Put a handful in a shallow bowl and blow. You will blow all their shed skin away.
After all the dead and shed skin are separated, give them a nice rinse and stick them in the fridge or freezer for an hour.

Step 6: Cooking Mealworms

For this batch of Mealworms, I used a mushroom stock.
I used mushroom stems and salt and simmered for 2 hours. Again, this is a preference thing and is not necessary. You can use boiling salted water.

I set my timer for 1 minute and put the mealworms in boiling stock for 1 minute then drained them but do not rinse them, put them in a bowl and into the fridge until they cooled, about 15 minutes.

Step 7: Drying Mealworms

When cooled i put them into the dehydrator until dried but not crispy.
When dried I let them cool and put them in a vacuum sealed bag and into the fridge for a future recipe.
If you are planning to roast them you can skip the dehydrator and stick them directly onto a baking sheet and into the oven.
Set the temperature to 200 degrees F for 2 hours or until desired crispiness

Step 8: Waxworms

Waxworms are the Caterpillar larvae of the wax moth. They have a very neutral flavor and take on what you cook them with. Perfect for infused water.

They are pretty easy to clean. They arrived in sawdust so I took a large strainer and sifted.
Some of them squeezed through but it was a pretty painless process of cleaning.
Pick out any black dead ones or ones that look like they are on their way out.
Give them a nice rinse and put them back in the fridge for an hour.

Step 9: Cooking Waxworms

I chose a persimmon- Keffir lime leaf and orange zest stock for this one.
I cooked the persimmon and orange zest separately from the Keffir leaf so I could add in the desired amount of Keffir stock. (totally a preference thing)
Strain stock and bring back to a boil.

Step 10:

Ok, were ready to cook them.
Set your timer for 1 minute and go.
Pull them out of the refrigerator or freezer and pour them into the boiling stock.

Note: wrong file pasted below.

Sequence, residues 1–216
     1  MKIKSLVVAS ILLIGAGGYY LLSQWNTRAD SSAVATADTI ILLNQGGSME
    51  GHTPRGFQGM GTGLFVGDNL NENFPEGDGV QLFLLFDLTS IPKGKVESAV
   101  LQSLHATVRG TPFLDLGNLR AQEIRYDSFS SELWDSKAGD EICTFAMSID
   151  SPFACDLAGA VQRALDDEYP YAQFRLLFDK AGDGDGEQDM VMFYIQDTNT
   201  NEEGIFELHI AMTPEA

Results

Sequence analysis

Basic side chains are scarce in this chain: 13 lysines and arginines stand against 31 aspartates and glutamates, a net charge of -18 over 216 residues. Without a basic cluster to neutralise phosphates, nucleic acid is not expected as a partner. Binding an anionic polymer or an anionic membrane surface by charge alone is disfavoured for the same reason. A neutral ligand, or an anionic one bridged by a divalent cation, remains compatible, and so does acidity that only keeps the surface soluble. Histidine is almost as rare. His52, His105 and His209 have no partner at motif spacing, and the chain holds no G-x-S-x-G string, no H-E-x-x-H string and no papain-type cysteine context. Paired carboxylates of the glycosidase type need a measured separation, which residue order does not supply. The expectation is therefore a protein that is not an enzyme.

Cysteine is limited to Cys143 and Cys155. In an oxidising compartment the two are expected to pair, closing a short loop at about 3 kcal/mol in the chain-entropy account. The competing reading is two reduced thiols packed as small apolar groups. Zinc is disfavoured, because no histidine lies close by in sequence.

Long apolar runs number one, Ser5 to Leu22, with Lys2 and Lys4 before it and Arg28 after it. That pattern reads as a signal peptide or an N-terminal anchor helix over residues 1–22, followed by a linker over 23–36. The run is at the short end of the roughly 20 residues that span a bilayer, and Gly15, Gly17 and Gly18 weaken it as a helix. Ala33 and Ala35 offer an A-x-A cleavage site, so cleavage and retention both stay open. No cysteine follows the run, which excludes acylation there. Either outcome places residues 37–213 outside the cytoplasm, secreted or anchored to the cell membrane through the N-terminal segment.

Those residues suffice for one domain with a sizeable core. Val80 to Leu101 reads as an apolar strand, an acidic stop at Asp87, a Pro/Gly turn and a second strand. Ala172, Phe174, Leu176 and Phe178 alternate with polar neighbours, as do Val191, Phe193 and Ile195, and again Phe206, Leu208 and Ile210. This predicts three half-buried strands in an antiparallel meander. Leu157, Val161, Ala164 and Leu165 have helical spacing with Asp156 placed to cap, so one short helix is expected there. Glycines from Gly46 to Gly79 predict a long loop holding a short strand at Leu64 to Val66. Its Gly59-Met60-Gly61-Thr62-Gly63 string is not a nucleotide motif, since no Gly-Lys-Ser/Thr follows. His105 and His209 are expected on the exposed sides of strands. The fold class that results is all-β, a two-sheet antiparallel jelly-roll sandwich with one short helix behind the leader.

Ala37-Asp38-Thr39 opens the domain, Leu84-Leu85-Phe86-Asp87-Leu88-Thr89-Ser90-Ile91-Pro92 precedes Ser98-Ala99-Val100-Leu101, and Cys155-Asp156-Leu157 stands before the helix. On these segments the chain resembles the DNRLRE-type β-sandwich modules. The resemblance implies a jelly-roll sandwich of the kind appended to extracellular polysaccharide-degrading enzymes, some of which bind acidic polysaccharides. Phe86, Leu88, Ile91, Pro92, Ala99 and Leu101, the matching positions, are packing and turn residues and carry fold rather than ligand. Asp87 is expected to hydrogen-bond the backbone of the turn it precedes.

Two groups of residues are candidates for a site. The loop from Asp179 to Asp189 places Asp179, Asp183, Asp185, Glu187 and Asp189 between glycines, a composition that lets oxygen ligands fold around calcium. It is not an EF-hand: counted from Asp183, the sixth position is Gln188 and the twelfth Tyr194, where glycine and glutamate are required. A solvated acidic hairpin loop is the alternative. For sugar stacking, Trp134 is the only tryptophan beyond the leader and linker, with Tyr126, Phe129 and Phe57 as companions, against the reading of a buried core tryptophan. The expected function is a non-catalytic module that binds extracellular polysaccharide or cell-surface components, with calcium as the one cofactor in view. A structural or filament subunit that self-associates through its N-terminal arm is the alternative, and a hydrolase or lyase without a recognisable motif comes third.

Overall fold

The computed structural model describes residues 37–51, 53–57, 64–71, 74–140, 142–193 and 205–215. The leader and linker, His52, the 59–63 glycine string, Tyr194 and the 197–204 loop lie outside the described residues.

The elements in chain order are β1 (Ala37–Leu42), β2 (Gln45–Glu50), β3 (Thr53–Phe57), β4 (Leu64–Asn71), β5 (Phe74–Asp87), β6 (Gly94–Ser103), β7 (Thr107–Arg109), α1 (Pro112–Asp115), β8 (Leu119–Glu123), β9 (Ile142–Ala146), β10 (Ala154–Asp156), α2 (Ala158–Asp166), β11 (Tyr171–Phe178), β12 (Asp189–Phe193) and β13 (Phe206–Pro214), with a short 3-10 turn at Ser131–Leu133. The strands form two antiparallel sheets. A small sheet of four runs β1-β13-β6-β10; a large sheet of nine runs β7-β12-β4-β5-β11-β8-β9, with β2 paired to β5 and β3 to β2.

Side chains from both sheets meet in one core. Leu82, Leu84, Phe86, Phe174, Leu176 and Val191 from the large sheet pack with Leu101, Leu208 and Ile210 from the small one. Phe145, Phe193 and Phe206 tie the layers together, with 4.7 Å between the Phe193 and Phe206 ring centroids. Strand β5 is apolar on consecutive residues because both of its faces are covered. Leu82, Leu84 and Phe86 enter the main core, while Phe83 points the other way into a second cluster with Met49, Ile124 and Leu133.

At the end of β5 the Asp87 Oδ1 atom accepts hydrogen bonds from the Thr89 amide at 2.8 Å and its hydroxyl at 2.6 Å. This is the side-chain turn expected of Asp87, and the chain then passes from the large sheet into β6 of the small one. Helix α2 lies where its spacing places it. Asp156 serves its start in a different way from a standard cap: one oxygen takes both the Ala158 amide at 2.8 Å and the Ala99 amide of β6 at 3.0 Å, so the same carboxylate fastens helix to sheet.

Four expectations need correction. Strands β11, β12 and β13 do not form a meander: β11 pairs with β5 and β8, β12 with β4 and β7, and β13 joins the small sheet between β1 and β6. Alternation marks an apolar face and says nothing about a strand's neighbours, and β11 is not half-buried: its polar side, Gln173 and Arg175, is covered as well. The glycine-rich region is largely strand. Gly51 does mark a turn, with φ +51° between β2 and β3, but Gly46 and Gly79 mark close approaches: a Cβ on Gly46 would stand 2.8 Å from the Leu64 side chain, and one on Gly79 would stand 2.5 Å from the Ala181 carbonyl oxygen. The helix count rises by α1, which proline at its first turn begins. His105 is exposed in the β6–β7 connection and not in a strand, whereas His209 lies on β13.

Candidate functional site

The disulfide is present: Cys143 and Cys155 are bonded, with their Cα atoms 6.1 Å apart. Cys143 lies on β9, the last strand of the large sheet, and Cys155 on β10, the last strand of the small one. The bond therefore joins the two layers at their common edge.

Cook them for one minute, drain them but do not rinse.
Put them in a plate or bowl and put them in the refrigerator for 15 minutes to cool.

Step 11: Storing

When cooled, stick them in the dehydrator on a dehydrator sheet until dried but not crispy.
Pull them out, let cool before storing.
If you have it, I recommend a vacuum sealer. If you don't a ziplock bag will work. Try to remove most of the air from it
Store in the refrigerator or freezer until ready to use.

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93 Discussions


Question 6 months ago on Step 11

Hi, what about their escrementi? Do they get cleaned too? How? Thanks


Question 1 year ago on Step 7

I tried to dry my frozen mealworms in a dehydrator and they all turned black (dark brown). Are they still good to eat ? how can I dry them so they stay nice and golden color ?


2 years ago

Very nice to stick up my-... nevermind


3 years ago on Introduction

I have a friend who used to own a pet shop, until she retired. She had lizards and other meat eating creatures.Birds love them. She filled a large bucket half full of sand and placed cut up potatoes cut side down and it didn't take long before the meal worms (or maybe they were potato worms came out). She sold them, as well along with crickets. I'm just saying, you can grow your own worms with little trouble.